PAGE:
As the French say, au contraire mon ami.  I beg to differ.  Last night did change the game.  It didn’t take Romney from losing to winning because he was already winning.  But it did increase his margin.  Why?  Because he was presidential.  Knowledgeable, concerned about the economic pain caused by this president and his allies in Congress, in control, and clear, Romney hit a home run.  He even made constitutional conservatives like me feel a bit better about his upcoming presidency.  He insisted on returning control of education and healthcare to local constituencies in the states.  He stood up for the 10th Amendment, and he called Obama out for misrepresenting the current state of oil production.

Romney also left us with concise statements about what his presidential priorities will be:

“My priority is jobs.”
“Trickle-down government doesn’t work.”
“I will not increase the deficit.”
“I will not raise taxes on the middle class.”

While Obama stammered, hesitated, glanced at his feet, and even looked to the moderator for help (which he occasionally received), Romney laid out five points for saving the nation:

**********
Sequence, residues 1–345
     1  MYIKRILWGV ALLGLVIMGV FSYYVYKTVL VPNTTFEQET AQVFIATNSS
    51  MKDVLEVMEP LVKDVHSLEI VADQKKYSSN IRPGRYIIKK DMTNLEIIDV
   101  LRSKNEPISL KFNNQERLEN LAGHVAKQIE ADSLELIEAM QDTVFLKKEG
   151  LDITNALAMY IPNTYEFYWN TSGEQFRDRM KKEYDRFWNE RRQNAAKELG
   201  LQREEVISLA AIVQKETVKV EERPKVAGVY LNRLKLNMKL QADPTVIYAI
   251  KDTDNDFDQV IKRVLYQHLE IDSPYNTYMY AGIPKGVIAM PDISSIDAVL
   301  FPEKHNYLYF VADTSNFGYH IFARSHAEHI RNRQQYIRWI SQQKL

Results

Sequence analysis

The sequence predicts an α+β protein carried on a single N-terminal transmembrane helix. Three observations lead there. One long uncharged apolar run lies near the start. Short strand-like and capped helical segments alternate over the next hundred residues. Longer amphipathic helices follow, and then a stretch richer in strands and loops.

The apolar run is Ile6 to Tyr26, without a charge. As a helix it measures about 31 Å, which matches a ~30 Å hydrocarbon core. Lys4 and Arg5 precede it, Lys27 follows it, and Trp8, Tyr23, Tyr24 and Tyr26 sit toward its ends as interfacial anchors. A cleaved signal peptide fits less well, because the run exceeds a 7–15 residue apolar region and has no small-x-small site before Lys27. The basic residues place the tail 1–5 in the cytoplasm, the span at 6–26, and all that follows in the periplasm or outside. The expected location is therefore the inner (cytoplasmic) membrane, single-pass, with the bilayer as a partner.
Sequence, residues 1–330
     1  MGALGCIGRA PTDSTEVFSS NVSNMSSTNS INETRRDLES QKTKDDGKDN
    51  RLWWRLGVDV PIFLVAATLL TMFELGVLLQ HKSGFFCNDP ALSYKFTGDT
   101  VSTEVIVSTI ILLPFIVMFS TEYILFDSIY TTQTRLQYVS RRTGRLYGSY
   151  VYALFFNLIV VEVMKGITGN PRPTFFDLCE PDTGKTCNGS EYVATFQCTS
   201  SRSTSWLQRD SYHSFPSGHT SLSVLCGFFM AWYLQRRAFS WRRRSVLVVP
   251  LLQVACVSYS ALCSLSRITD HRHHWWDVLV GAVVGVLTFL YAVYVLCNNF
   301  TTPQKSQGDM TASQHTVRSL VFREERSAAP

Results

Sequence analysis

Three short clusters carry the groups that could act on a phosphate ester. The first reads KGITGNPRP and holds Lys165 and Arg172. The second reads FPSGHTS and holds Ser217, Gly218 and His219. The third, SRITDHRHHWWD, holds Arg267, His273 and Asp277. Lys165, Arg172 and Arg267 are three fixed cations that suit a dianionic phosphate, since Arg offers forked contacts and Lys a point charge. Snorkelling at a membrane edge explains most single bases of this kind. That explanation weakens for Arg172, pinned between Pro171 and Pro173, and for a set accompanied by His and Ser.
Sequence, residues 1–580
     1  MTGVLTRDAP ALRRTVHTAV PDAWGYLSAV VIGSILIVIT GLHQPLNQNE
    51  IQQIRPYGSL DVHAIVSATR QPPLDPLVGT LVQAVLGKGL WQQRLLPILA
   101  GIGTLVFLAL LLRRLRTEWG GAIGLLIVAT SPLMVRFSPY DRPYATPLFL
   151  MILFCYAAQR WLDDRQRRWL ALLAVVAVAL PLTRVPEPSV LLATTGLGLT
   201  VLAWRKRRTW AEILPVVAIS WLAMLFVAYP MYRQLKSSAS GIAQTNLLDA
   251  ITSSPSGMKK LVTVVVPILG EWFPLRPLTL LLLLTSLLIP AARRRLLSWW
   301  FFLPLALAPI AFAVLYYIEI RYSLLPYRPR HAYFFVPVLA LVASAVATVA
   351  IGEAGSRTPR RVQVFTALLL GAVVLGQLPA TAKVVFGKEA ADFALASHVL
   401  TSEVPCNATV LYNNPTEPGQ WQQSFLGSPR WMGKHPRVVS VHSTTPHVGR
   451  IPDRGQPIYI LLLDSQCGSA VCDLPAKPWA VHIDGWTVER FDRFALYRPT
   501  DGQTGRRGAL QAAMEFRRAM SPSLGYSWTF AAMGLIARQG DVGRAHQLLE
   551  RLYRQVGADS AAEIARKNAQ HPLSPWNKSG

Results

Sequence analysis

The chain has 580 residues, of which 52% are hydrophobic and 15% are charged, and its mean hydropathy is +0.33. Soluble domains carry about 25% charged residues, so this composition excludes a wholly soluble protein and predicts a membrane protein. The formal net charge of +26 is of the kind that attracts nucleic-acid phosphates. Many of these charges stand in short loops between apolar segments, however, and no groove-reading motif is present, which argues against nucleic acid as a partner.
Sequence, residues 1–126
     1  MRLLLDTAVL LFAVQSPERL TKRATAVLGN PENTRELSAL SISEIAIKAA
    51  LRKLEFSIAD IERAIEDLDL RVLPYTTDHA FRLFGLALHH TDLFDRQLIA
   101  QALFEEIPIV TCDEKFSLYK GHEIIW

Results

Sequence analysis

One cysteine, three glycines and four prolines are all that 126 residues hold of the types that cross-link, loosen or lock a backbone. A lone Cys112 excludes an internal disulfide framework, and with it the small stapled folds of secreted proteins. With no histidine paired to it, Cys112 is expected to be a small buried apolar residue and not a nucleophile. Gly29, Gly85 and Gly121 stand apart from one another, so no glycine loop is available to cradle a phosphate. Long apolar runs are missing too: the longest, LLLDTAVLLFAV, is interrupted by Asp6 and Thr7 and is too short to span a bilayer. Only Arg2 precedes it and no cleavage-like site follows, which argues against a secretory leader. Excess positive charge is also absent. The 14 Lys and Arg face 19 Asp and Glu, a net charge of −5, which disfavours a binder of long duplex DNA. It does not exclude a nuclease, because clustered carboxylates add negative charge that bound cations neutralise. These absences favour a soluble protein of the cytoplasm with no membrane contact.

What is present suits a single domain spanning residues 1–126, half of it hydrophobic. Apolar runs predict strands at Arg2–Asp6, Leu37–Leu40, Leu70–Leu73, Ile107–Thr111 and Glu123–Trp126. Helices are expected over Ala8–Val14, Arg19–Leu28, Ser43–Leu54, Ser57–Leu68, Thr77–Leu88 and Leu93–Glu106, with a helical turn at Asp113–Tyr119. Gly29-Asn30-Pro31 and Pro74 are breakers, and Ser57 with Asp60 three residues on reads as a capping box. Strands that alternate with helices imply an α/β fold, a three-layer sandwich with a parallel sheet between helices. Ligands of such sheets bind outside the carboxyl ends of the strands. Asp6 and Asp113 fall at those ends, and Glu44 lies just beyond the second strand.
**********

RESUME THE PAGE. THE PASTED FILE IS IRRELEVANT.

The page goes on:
Engergy independence
Increased trade
Education and skills training
Balanced budget
Being a champion of small businesses

Are there still things we don’t know about Romney’s details?  Yes.  But, as he said, we do know the broad contours of his plans and we’re starting to get a firm grasp of the values that inform his decisions.  Will he compromise too often with liberal Democrats?  Perhaps.  But that’s a risk we’ll have to take.  We can cross that bridge when we get to it.

One thing is sure.  We’re finally getting to know Barack Obama.  The empty suit who led the throngs of adoring worshipers can no longer hide behind the supporting cast of left-leaning media.  Everyone appreciates a good slogan.  “Yes we can” and “hope and change” are words that ring delightfully in the ear.  But there are other words being heard by average Americans these days:  “Sorry, but we have to let you go,” or “I can’t afford my mortgage,” and “the plant where I work is closing.”

On the day after Barack Obama was elected to the presidency, I told a gloating colleague that Obama would never be re-elected.  My friend disagreed, but I was adamant.  “He has raised expectations beyond what is reasonable and he has played upon the emotions of millions,” I said.  “By the end of his first term people on both sides of the political spectrum will be disgruntled.”  If you compare the attitude of Chris Matthews after the debate with his attitude before the debate, you’ll understand just how right I was.